I started wondering today, how does one calculate the moving velocity of a vehicle if they change their tires?

I know there are a lot of companies that make the gauges for tuners that change wheels, but what is the math involved in this? If for instance I wanted to manually set my speedometer or tune the speedometer myself, what exactly what you have to take into account and how would you calculate everything correctly?

I didn't find this appropriate for the mathematics SE, so I posted it here.

thanks for the help.

2 Answers 2


The only thing your car can sense is the number of turns of some part of the drive train. In the old days it was a gear right off the transmission, and today it's an electronic sensor in the transmission or somewhere in the drive train near the wheels. It's going to be a sensor that can determine how quickly the wheels are rotating.

The way to calculate speed is the distance traveled divided by the time it took to travel that distance.

Table of calculating speed as a function of time and distance

The only thing that changes when you change the tire size is the distance traveled. So, for every revolution of the tire, you travel a distance equal to the circumference of the circle that is the tread of the tire. (Assuming the tire is not slipping).

The circumference (C) of the tire is calculated by C=2πr (2 times pi times the radius of the tire). So the distance from the center of the wheel to the outside edge of the tire, times 2, times pi (3.14159). Do this calculation for both the old and the new tire.

To get the percentage change in the speedometer, take the difference between the old and new distance, divide by the original distance, and multiply the result by 100. This will give you the percentage speed change from one tire to the next.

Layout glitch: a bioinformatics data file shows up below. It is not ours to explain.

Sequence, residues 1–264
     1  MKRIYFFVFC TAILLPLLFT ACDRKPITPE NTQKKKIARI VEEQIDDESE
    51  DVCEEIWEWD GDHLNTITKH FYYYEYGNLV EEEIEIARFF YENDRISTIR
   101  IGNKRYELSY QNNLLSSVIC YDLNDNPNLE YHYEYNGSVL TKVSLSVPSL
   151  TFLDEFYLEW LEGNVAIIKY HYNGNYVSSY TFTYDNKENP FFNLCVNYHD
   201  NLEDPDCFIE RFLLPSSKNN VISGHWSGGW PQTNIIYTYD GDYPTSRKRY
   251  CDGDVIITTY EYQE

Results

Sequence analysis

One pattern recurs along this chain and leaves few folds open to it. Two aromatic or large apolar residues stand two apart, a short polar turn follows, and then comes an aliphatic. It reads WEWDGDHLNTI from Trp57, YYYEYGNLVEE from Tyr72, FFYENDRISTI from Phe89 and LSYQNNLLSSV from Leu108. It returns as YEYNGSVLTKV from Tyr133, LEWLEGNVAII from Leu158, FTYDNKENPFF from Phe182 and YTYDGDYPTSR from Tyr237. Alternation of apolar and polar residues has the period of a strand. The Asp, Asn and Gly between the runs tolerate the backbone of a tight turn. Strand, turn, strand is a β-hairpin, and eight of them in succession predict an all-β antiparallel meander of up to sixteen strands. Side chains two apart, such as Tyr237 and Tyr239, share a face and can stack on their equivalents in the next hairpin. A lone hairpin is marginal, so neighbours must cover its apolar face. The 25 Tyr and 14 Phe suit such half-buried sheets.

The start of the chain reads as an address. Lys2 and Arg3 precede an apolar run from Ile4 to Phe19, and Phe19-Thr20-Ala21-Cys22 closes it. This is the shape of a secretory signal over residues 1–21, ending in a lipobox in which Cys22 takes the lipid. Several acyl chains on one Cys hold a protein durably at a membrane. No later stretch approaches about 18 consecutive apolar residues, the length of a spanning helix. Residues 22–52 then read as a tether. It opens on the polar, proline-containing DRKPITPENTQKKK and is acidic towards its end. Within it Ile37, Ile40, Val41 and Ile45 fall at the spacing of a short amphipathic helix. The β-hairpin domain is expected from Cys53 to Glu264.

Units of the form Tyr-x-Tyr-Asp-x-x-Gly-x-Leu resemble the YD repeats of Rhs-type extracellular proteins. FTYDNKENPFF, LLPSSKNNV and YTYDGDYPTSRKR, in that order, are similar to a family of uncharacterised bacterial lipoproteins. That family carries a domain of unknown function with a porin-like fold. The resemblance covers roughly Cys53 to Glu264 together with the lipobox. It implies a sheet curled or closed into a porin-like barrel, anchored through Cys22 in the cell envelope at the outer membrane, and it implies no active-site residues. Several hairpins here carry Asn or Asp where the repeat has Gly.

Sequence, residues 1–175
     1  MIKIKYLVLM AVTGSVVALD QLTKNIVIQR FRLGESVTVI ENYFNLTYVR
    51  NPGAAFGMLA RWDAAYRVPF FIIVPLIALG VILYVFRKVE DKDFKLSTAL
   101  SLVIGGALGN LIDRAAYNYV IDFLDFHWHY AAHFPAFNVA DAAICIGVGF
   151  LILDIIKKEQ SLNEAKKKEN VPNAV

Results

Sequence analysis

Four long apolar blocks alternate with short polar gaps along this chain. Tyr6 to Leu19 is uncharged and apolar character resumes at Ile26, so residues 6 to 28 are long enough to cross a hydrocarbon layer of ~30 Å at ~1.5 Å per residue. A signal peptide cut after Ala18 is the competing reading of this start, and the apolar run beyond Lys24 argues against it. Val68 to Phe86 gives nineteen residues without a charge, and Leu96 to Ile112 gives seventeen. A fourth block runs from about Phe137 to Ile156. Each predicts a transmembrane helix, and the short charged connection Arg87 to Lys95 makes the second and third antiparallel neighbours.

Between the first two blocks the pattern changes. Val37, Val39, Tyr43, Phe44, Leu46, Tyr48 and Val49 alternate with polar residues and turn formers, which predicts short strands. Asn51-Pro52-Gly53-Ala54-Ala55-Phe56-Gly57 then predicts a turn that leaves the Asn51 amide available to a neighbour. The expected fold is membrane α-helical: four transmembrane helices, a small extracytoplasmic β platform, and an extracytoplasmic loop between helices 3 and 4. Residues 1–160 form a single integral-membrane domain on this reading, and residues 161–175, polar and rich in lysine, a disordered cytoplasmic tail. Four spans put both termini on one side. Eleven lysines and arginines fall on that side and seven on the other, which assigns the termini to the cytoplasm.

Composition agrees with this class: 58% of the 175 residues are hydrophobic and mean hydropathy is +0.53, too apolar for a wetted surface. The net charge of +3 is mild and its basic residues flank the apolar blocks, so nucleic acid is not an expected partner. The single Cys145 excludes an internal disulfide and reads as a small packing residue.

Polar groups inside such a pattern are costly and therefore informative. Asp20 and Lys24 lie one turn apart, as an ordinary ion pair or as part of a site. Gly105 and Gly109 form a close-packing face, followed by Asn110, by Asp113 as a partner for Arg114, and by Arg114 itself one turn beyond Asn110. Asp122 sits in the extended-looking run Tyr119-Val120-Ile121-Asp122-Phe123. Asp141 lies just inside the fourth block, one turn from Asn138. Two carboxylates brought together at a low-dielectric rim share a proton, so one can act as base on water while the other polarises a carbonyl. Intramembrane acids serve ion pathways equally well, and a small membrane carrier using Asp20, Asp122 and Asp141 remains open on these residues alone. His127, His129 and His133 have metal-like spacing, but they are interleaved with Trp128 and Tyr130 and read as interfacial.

I hope that helps!

  • 2
    For the purposes of a tire, the radius is measured from the center of the wheel to the ground or floor. Multiplied by 2pi that is the rolling circumference of the tire, not as measured from the center to some other outside edge of the tire.
    – BillDOe
    May 24, 2016 at 22:51
  • Interesting, I hadn't considered that. Since the sidewall is slightly flatter at that point from holding up the weight, your quite right. Good catch!
    – cdunn
    May 25, 2016 at 2:32
  • Thank you for the excellent answer. This is why SE Exists!
    – cloudnyn3
    May 26, 2016 at 3:50

To calculate the actual speed you need:
Transmission gear ratios
Final drive ratio
Tire diameter
Engine RPM

[tire diameter (in inches)] * [pi] * [1/(gear ratio * final drive ratio)] / [in/ft] / [ft/mi] * [RPM] * [min/hr] = MPH

Constants: pi = 3.14159
in/ft = 12
ft/mi = 5280
min/hr = 60

I'm sure I could simplify this equation, but this is good for seeing all the necessary parts and conversions.

So I watch the tach and speedo to determine MPH per 1000 RPM in higher gears (3rd,4th,5th). On my car its about 11, 15, 19.5.

tire diameter - used an online calculator - 195/55R15 = 23.4in
gear ratio (3, 4, 5)- 1.360, 1.034, 0.787
FD ratio - 4.40
RPM - 1000

3rd: 23.4 * 3.14 * ( 1 / ( 1.360 * 4.40 ) ) / 12 / 5280 * 1000 * 60 = 11.6
4th: 23.4 * 3.14 * ( 1 / ( 1.034 * 4.40 ) ) / 12 / 5280 * 1000 * 60 = 15.29
5th: 23.4 * 3.14 * ( 1 / ( 0.787 * 4.40 ) ) / 12 / 5280 * 1000 * 60 = 20.1

This seems to be about correct. There are a couple things that will throw this off such as tire diameter not being exactly as advertised, tire wear, and the tach and speedo not being 100% accurate. Doing this as one equation and using a calculator's pi gives more accurate results due to significant digits.

You can also use a GPS (or a speedometer app on your phone) to view your speed.


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